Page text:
Neutral Ground (Louisiana)
The Neutral Ground (also known as the Neutral Strip, the Neutral Territory, and the No Man's Land of Louisiana; sometimes anachronistically referred to as the Sabine Free State) was a disputed area between Spanish Texas and the United States' newly acquired Louisiana Purchase. Local officers of Spain and the United States agreed to leave the Neutral Ground temporarily outside the jurisdiction of either country. The area, now in western Louisiana, had neutral status from 1806 to 1821.
Spain had been concerned for many years with what it viewed as the encroachment of the French from Louisiana into Texas. About 1734, the French moved their post at Natchitoches from the east to the west side of the Red River. The Spanish governor of Texas, Manuel de Sandoval, was reprimanded for not protesting this violation of what Spain believed was its sovereign territory. In 1740, Governor Prudencio de Orobio y Basterra was ordered to investigate French intrusion in the Natchitoches area. Other investigations were ordered in 1744 and 1751.
In 1753, Texas Governor Jacinto de Barrios y Jáuregui determined that the French had encroached on Texas by occupying territory to the west of Arroyo Hondo (the Calcasieu River), which runs from north to south between the upper Sabine River to the west and the lower Red River to the north and east. In 1764, the boundary dispute became temporarily moot when France ceded its Louisiana colony to Spain. This colony was the large area west of the Mississippi River but drained by the same, plus New Orleans and its immediate vicinity. The transfer was made without resolving the earlier border dispute, which did not seem significant under the circumstances. Spain administered the area from Havana, contracting out governing to people from many nationalities as long as they swore allegiance to Spain.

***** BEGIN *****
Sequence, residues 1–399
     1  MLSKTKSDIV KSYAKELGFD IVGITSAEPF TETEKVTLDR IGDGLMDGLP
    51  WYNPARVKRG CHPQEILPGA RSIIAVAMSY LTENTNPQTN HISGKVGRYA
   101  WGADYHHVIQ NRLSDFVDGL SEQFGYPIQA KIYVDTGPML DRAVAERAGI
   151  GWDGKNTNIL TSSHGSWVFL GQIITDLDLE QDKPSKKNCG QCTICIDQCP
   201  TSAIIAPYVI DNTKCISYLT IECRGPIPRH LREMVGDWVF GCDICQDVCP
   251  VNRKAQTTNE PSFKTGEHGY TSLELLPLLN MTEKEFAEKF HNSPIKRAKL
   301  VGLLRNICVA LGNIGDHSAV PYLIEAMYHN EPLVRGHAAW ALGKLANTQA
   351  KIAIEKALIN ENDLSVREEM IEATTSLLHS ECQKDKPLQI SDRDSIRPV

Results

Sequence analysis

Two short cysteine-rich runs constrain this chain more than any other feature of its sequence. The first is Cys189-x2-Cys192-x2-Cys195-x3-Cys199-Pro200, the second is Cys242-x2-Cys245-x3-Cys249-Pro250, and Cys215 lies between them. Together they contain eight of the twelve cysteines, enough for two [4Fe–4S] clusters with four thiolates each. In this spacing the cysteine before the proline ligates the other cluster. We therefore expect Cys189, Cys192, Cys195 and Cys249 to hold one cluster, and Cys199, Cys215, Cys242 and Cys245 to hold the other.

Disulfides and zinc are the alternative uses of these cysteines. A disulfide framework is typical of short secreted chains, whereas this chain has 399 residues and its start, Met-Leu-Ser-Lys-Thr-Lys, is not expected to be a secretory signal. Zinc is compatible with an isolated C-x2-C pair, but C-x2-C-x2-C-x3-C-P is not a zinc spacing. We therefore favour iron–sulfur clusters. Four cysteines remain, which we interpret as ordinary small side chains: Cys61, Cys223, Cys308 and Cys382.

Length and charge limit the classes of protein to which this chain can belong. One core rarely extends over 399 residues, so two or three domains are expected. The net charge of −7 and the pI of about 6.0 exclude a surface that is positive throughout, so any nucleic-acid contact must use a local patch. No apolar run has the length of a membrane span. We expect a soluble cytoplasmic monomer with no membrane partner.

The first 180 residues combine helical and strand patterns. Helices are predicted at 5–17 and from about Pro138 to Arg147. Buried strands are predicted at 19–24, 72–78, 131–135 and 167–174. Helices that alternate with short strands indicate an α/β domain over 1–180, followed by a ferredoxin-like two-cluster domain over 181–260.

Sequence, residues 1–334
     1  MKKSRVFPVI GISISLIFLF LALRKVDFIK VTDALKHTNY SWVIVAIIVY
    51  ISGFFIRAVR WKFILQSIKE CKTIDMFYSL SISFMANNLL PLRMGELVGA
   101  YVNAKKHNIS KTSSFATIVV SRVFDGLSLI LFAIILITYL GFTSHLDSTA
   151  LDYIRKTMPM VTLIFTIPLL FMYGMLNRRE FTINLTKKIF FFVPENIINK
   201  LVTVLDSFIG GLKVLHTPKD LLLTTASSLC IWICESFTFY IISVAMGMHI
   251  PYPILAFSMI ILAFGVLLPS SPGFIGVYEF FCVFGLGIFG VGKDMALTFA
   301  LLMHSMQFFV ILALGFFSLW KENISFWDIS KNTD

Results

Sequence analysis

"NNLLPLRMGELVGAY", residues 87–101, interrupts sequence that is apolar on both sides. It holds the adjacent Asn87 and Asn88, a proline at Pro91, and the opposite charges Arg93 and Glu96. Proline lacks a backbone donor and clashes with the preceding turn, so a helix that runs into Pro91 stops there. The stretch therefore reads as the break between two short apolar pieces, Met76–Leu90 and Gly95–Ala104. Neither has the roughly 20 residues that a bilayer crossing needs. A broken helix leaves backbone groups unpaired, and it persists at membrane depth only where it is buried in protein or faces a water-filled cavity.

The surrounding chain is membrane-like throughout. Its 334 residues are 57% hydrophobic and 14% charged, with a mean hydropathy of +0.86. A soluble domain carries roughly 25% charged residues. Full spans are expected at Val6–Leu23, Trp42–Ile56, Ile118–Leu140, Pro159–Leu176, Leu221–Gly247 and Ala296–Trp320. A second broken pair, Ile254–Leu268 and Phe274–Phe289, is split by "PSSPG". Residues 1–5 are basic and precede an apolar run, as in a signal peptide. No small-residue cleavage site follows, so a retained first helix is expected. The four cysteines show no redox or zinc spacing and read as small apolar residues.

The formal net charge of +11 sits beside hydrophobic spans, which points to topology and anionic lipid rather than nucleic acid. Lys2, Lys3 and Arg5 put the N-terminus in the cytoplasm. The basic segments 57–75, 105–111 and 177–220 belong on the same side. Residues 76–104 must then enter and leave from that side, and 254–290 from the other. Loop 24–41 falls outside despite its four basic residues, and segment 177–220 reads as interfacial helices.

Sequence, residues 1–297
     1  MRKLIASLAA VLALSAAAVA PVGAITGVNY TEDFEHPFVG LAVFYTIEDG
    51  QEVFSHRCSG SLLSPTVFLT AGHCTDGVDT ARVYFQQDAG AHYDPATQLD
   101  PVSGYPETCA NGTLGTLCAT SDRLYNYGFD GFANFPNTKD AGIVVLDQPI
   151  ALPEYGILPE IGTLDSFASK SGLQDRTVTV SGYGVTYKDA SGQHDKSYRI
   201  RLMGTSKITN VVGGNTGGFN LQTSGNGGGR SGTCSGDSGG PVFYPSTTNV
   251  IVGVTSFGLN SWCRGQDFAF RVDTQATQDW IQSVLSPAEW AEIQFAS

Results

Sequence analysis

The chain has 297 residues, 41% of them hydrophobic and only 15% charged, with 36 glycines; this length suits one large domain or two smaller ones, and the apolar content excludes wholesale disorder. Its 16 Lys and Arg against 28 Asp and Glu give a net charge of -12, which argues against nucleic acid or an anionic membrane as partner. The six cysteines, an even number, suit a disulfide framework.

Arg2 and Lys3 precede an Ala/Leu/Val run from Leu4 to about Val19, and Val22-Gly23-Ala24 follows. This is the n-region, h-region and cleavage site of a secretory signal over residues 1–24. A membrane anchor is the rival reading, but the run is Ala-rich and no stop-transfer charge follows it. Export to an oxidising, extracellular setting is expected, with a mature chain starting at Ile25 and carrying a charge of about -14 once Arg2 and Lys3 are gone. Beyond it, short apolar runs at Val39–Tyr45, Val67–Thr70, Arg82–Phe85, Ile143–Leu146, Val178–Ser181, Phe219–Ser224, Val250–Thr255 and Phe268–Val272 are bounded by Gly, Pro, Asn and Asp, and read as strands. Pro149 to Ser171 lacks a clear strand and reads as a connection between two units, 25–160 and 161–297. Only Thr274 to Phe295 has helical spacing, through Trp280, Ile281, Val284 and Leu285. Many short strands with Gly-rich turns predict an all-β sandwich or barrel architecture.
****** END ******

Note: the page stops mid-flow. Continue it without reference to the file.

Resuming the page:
By the secret Third Treaty of San Ildefonso of October 1, 1800, Louisiana was formally transferred back to France, although the Spanish continued to administer it. The terms of the treaty did not specify the boundaries of the territory being returned. Rumors of the treaty reached U.S. President Thomas Jefferson, who sought to purchase land at the mouth of the Mississippi to ensure American access to the Gulf of Mexico. Jefferson discovered that Napoleon was willing to sell the entire territory to help fund his wars in Europe. France took formal control of Louisiana from Spain on November 30, 1803, and turned over New Orleans to the United States on December 20, 1803. The U.S. took over the rest of the territory on March 10, 1804. The Louisiana Purchase doubled the size of the United States and opened U.S. expansion west to the Pacific Ocean and the Gulf Coast.